Innovative application helps students learn to write
EPFL startup School Rebound has developed a revolutionary application that uses artificial intelligence to help students improve their handwriting in a fun and personalized way. Nearly 15,000 students in Switzerland, France, and Italy are already putting it to work.
Handwriting problems affect nearly 25% of children aged 5 to 12. These problems, if not managed early on, can negatively impact them throughout their school years. EPFL startup School Rebound has provided a concrete solution to this problem by developing an application that uses tablets and artificial intelligence to better detect potential handwriting problems and support children as they learn. The subscription app is called Dynamilis, and can be used by all children learning to write – with difficulties or without – at home or at school. Dynamilis has already been downloaded more than 10,000 times and will be released soon in England and the United States.
While Dynamilis was free during its testing phase, it switched to a subscription model this past March. After a free trial week, parents, therapists, and schools are offered a monthly or annual subscription. Costs depend on the number of children using the application.
Strengths and weaknesses at a glance
School Rebound was founded in 2021 based on the research done by CEO Thibault Asselborn for his PhD thesis at EPFL’s Computer-Human Interaction in Learning and Instruction Laboratory (CHILI). “Some children have handwriting problems that may stay hidden for months. Because the problems are not obvious, parents and teachers may hesitate to consult specialists,” says Asselborn. “During this time, the students can accumulate learning difficulties as these handwriting problems monopolize their concentration and prevent them from developing other skills. This could cause students to lose confidence and develop significant educational blocks.”
As part of his PhD research, Asselborn helped develop an algorithm that can rapidly analyze a child’s handwriting. The child only has to write for 30 seconds on an iPad with an Apple Pencil for the application to establish their handwriting profile. “The tests we ran in the lab lasted about 20 minutes, but they didn’t take certain factors into account, which may reduce the accuracy of the analyses,” says Asselborn. Dynamilis evaluates dynamic aspects of handwriting that the human eye can’t see such as stability, pressure, speed, and angle. “Our app gives detailed analyses about the motor aspects of handwriting. This can give parents an initial indication before determining whether their child has difficulties with handwriting and, if so, to what degree. If the difficulties surpass a certain level, they’re recommended to go see a specialist.”
Learning dressed up like a game
Based on a child’s handwriting profile, the app recommends personalized activities to practice the fundamental aspects of handwriting – all while playing games. “The in-app tests don’t look like medical tests in the strictest sense,” says Asselborn. “It’s important to have an air of fun to avoid making children feel like they’re taking an exam, which can put them on edge.” The playful aspect during the testing phase is crucial for the School Rebound team and their Chairman, Pierre Dillenbourg, also head of CHILI. “While we were developing Dynamilis, our aim was to help children,” says Dillenbourg. “To do that, we knew we had to go beyond a simple handwriting-analysis program and give them activities to support learning and, for the more severe cases, correction. Games are an effective solution for children who are having problems in school because of their issues with handwriting.”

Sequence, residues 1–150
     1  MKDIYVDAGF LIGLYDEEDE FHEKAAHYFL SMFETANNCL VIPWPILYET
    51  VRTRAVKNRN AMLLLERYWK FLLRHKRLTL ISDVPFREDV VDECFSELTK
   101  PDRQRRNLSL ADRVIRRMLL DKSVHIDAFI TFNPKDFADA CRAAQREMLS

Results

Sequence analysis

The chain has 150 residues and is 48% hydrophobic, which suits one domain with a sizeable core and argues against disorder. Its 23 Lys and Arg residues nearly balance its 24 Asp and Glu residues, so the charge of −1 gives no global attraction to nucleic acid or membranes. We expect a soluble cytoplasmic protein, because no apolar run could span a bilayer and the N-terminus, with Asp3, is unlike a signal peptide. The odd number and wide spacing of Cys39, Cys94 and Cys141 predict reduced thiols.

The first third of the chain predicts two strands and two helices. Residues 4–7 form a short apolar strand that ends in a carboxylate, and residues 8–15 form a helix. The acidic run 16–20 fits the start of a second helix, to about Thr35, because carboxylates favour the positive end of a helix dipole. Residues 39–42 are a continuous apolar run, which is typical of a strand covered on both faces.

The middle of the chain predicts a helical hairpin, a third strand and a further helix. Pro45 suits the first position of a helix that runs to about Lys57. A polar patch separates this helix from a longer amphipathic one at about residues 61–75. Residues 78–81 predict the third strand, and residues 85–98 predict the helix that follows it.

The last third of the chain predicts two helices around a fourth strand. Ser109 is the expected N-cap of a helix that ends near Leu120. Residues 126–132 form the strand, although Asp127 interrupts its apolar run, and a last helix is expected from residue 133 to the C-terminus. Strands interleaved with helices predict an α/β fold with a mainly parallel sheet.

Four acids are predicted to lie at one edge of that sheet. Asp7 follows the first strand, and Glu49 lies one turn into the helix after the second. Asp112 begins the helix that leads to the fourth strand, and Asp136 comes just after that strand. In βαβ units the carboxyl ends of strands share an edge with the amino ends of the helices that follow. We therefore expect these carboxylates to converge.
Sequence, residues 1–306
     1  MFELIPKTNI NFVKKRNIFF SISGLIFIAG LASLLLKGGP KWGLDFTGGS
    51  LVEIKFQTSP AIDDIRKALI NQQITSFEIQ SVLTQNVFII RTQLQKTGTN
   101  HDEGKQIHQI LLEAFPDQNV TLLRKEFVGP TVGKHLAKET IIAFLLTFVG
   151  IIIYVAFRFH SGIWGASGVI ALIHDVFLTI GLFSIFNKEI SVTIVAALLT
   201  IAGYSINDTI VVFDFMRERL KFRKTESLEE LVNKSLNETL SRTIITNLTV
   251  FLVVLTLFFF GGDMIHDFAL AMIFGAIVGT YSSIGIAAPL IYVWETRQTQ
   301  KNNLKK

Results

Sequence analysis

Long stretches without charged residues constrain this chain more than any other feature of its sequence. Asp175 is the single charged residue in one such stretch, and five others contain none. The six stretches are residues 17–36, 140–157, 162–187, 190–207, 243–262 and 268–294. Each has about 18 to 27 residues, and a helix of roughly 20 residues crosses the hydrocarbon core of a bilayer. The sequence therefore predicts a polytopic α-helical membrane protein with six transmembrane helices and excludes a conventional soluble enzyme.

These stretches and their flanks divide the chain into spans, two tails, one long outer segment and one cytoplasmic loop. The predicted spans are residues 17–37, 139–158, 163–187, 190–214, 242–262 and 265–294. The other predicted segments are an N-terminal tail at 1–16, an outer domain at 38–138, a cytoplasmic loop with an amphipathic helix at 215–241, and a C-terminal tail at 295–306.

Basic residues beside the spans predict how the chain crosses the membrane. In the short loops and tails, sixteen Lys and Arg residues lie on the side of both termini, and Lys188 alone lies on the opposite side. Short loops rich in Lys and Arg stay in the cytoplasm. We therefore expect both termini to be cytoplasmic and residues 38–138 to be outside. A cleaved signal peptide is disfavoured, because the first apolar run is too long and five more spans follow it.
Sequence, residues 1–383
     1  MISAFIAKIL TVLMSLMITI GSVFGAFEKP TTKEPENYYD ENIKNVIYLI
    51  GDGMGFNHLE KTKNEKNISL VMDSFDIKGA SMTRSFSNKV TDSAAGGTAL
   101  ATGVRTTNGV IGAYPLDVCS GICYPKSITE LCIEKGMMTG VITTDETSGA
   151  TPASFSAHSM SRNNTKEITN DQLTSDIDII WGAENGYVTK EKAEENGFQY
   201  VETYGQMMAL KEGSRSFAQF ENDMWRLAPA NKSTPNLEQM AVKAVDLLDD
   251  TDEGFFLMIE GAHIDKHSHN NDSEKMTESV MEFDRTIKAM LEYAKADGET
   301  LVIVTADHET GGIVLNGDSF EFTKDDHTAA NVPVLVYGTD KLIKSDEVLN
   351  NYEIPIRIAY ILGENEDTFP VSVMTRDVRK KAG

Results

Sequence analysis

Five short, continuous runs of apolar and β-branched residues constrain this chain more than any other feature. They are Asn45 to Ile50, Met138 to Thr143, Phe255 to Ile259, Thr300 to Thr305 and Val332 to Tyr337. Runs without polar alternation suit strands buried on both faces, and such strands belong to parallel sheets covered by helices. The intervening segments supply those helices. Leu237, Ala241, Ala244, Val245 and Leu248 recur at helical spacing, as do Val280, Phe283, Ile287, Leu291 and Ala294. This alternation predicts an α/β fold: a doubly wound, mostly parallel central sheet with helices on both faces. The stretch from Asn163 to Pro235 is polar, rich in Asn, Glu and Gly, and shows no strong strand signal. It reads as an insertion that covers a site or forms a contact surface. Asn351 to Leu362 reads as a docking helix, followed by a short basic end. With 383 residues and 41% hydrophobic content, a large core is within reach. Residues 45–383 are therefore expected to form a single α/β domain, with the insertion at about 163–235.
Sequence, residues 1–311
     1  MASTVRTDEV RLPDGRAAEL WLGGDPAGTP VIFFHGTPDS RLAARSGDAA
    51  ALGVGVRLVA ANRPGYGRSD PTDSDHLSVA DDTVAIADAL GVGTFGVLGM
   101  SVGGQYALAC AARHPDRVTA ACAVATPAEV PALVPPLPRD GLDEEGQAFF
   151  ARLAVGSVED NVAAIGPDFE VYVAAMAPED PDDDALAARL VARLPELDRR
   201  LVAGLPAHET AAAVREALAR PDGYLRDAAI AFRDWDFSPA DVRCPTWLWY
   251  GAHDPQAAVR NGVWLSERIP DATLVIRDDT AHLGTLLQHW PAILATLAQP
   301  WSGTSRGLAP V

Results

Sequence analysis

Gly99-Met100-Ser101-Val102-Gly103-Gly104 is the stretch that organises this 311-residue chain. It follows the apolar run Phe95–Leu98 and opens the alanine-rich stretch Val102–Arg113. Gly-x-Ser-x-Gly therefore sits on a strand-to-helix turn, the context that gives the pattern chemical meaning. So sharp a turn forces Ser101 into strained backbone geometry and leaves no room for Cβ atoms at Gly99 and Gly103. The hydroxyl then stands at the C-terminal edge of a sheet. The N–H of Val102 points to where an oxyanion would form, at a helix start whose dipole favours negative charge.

These activities, developed with game-design experts, can be done by children at home to help them improve their handwriting or at school for enhanced learning. For children with handwriting difficulties, the activities can be done with a therapist.
Close collaboration with therapists and schools
“We worked with nearly 50 therapists to develop our app and we received encouraging feedback,” says Dillenbourg. “The alacrity and precision of Dynamilis’ analyses lets them dedicate more time to children during their sessions.” Children may also use the app to continue practicing between sessions, concentrating on certain aspects (like pressure) which are difficult to practice on paper.
School Rebound teamed up with many schools to test the application on students. “We worked with schools in the Geneva, Vaud, and Neuchatel cantons as well as the Bern University of Teacher Education, the University of Applied Sciences and Arts of Southern Switzerland (SUPSI), and the International Schools of Lausanne and Geneva,” says Asselborn. The collaboration with Swiss schools is continuing as a pilot project in 12 Vaud canton schools. “We’ve gotten letters from teachers who’ve seen their students improve leaps and bounds,” he adds. “Some students even come before class to practice.”
Science and ethics council
School Rebound has created a science and ethics council composed of experts in dysgraphia, dyslexia, data science, and education. “Our scientific model and rigor are important, and are what set us apart from other existing applications,” says Dillenbourg. Dynamilis is not alone in its market, “but is the only application that combines a complete handwriting analysis with personalized learning activities.”